Sunday, July 5, 2009

Jim, the skull artist [Sunday shout-out]

Shortly before my trip to Scotland, I saw photos of these amazing rope sculptures of skulls: 

All photos courtesy of Skullgallery

I had to know more, so I contacted the artist, Jim, who agreed to share a few additional photos and to do a short interview. 
BMCB: Do you make skulls exclusively, or are they only one part of your artwork?

Jim: As my wife, Coco Fronsac, would say,  I’m a monomaniac. I have been working on skulls since 1980, but I don’t feel any weariness, it’s like the more I work with, the more I discover.

Why skulls?

In fact, it all really began when I was eight years old. At that time, I was living in Koumac, in New Caledonia. Well, I had just found a human skull in the forest. It was my first face-to-face. I brought it with me to my classroom, and it has had a place of honor there ever since.

Do different cultures receive your work differently?

The inspiration for my work comes from Amerindian and Oceanian cult objects. It also draws from Europe, with ex-votos, relics and cabinets of curiosities. I’ve always been fascinated by death. My art is also contemporary, which doesn’t rule out a spiritual dimension.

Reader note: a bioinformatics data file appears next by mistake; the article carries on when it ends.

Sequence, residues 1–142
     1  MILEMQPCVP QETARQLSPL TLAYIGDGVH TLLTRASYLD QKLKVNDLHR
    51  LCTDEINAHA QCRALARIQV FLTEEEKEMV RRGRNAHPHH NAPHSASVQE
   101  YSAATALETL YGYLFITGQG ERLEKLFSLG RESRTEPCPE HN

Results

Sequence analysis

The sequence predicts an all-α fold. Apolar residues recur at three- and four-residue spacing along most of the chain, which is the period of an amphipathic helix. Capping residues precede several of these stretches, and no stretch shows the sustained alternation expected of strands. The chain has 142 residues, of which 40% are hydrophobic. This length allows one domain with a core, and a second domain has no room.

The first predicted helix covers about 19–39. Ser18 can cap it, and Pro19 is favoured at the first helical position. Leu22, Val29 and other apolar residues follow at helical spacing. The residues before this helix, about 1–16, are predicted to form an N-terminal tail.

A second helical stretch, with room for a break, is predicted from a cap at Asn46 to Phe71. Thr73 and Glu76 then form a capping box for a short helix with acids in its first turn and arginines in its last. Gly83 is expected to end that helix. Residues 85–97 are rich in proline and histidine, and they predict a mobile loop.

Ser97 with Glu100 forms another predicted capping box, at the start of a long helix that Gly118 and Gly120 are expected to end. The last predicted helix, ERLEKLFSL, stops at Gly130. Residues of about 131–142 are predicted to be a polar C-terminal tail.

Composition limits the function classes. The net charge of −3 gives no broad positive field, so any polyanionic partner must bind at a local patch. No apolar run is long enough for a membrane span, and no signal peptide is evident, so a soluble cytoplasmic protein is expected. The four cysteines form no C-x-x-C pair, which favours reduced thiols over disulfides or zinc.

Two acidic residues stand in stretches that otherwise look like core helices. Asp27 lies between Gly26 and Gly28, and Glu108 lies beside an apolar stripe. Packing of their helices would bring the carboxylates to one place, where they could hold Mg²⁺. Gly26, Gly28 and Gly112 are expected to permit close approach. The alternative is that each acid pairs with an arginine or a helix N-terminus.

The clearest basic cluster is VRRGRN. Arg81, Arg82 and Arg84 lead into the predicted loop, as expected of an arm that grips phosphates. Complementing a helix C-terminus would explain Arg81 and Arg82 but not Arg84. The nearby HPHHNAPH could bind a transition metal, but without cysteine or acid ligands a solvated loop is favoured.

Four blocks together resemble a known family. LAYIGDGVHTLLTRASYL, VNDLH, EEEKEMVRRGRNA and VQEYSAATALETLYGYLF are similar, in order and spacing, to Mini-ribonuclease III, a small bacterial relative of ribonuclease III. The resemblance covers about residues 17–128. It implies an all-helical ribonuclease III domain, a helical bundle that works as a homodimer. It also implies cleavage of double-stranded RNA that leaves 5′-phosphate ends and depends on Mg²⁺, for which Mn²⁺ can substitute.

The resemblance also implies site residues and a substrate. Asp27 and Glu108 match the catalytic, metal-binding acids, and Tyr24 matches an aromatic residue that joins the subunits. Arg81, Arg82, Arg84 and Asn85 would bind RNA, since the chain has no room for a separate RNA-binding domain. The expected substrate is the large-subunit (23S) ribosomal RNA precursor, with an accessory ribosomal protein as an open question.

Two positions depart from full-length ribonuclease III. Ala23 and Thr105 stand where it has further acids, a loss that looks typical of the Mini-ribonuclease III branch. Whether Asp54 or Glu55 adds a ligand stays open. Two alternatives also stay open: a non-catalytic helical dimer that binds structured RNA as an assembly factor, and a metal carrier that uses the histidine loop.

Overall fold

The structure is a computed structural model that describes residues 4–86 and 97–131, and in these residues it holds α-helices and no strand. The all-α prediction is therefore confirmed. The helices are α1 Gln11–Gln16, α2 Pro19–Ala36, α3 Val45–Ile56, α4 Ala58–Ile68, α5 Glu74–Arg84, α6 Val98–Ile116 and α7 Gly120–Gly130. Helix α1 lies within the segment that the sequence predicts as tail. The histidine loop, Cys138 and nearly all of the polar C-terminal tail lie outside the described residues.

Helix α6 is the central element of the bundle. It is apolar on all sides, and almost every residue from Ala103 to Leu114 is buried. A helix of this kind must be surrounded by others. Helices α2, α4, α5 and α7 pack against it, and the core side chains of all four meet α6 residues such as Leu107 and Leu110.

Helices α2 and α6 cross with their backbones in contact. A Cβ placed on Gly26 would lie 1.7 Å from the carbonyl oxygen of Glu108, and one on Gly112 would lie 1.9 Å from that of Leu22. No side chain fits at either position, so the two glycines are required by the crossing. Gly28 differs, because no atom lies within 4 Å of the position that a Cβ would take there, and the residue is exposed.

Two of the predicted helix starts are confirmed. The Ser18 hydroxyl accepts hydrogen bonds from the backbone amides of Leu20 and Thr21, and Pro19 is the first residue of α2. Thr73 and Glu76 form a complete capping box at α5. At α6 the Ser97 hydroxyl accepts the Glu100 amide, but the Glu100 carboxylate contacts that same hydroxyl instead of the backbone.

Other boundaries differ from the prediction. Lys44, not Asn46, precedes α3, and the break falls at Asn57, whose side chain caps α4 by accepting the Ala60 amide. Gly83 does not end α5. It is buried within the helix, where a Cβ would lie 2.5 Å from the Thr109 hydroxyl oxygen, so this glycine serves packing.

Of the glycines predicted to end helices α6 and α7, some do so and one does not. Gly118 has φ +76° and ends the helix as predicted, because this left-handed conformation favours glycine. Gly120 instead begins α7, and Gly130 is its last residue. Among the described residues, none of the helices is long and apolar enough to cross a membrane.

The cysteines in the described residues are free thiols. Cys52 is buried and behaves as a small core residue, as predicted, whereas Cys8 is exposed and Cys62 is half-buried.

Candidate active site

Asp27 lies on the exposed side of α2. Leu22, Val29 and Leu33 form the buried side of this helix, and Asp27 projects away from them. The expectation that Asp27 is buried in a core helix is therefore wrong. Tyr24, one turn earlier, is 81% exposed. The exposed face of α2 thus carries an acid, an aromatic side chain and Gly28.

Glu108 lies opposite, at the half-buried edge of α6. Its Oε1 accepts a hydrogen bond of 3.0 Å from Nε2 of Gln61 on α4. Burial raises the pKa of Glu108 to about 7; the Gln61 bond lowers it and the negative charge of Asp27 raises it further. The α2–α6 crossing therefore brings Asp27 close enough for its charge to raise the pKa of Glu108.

What is your favorite material to work with?

Definitely rope and natural materials. I also use other materials, like glass, cloth, and I'm even discovering plastic. But I rather prefer rope.

What is the creative process like for you?

I’m reading a lot, seeing lots of things, that’s the point of start for everything. Anyway, it takes time before I start a project. I want to be sure before beginning because a sculpture takes time, a lot of time. I had my serial period, but now I prefer to do unique pieces.

What are you working on now?

Plastic & light.

Where can my readers find your artworks?

My work is currently in two galleries:
[BMCB: Readers who aren't in Paris should check out Jim's website.]

Is there anything else you'd like to add?

I would like to say that there’s strictly nothing morbid in my work. My approach is very respectful of death.


Previous Sunday shout-outs:

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